On Monday, Ireland emerged from one of Europe’s strictest lockdowns, allowing Christians to return to in-person church services for the first time since December. Members of Solid Rock Drogheda couldn’t wait until Sunday and met to worship together as soon as the restrictions lifted.
The church, located in a town north of Dublin, started praying for Ireland and the end of the pandemic on St. Patrick’s Day 2020 when lockdown kept revelers at home. What started as a 24-hour prayer vigil has continued ever since, and the church has used an online booking system to schedule members to pray continuously, according to Nick Park, Solid Rock’s pastor and the executive director of Evangelical Alliance Ireland.
While the church prayed, the Irish government instituted three separate lockdowns. In the 14 months since the pandemic began, the government has permitted worship on only 14 Sundays and only three times in the past six months. As of May 10, churches can hold services—along with weddings and funerals—with a maximum of 50 people in attendance.
This is a long-awaited relief for churchgoers who have spent so much of the pandemic apart. Pastors could leave their homes to conduct an online service or to minister to the sick during the earlier lockdowns, but residents were not permitted to get together socially or for worship, indoors or out.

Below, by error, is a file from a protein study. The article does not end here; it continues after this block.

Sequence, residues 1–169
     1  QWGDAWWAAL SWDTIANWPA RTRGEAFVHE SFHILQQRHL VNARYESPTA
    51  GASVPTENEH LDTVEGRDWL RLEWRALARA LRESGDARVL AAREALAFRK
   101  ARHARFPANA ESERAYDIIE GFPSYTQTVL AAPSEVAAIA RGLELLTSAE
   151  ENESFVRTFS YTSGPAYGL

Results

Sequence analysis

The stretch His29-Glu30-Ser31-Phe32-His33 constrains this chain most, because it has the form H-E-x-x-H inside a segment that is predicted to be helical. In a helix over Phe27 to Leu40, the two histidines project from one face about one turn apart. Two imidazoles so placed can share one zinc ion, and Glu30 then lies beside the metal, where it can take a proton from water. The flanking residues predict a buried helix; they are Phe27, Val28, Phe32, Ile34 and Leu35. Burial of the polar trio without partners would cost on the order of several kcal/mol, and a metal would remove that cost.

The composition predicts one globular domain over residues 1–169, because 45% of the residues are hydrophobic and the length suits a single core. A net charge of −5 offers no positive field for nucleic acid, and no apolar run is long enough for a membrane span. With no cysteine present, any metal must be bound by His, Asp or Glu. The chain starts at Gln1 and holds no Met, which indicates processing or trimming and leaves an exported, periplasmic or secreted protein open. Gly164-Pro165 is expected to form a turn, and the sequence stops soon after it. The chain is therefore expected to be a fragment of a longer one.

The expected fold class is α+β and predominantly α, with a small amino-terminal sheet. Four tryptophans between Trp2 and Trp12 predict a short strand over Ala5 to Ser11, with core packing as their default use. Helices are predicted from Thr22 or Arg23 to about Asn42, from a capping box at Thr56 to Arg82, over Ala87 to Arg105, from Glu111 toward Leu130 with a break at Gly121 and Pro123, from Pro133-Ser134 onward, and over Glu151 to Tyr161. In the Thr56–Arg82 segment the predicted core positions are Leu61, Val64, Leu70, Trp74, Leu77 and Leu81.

While many businesses and restaurants are still under phased reopening, the Irish are also finally free to travel between counties and meet up with friends and family, per the latest directives from government officials.
At times Ireland’s restrictions were considered among the toughest in the world. Authorities issued fines and threatened to arrest pastors conducting services in violation of the restrictions. Irish legal scholars started to speak up on behalf of churches, and pastors wrote the government last month concerned about the continued ban on worship gatherings.
“We appeal to the government to understand that Christian worship is intrinsically corporate—an act of the gathered church. This lies at the very heart of how Christianity is practiced,” the statement says.
The isolation over the past year-plus has taken its toll on pastors and congregations alike. Congregants longed to see family members who were isolated in other communities. Families with young children struggled with adjusting to at-home schooling and the time away from friends.
Pastors worry who will return after months apart and who has disappeared for good. Park said evangelical congregations usually depend on the weekly offering to make ends meet, and the transition to online giving has been difficult, though he said churches have made it work. In the majority-Catholic country of 5 million, around 1.6 percent is evangelical, the lowest in the English-speaking world, according to Operation Mobilization.
Mark Smith, lead pastor of City Church Dublin, was one of the 16 pastors to sign the statement in April pleading to lift the restrictions. He said when COVID-19 first appeared in March 2020, churches voluntarily closed as a way to love their neighbors. When gathering limits eased over the summer, worshipers started to meet together again in small numbers. In September the government imposed another ban.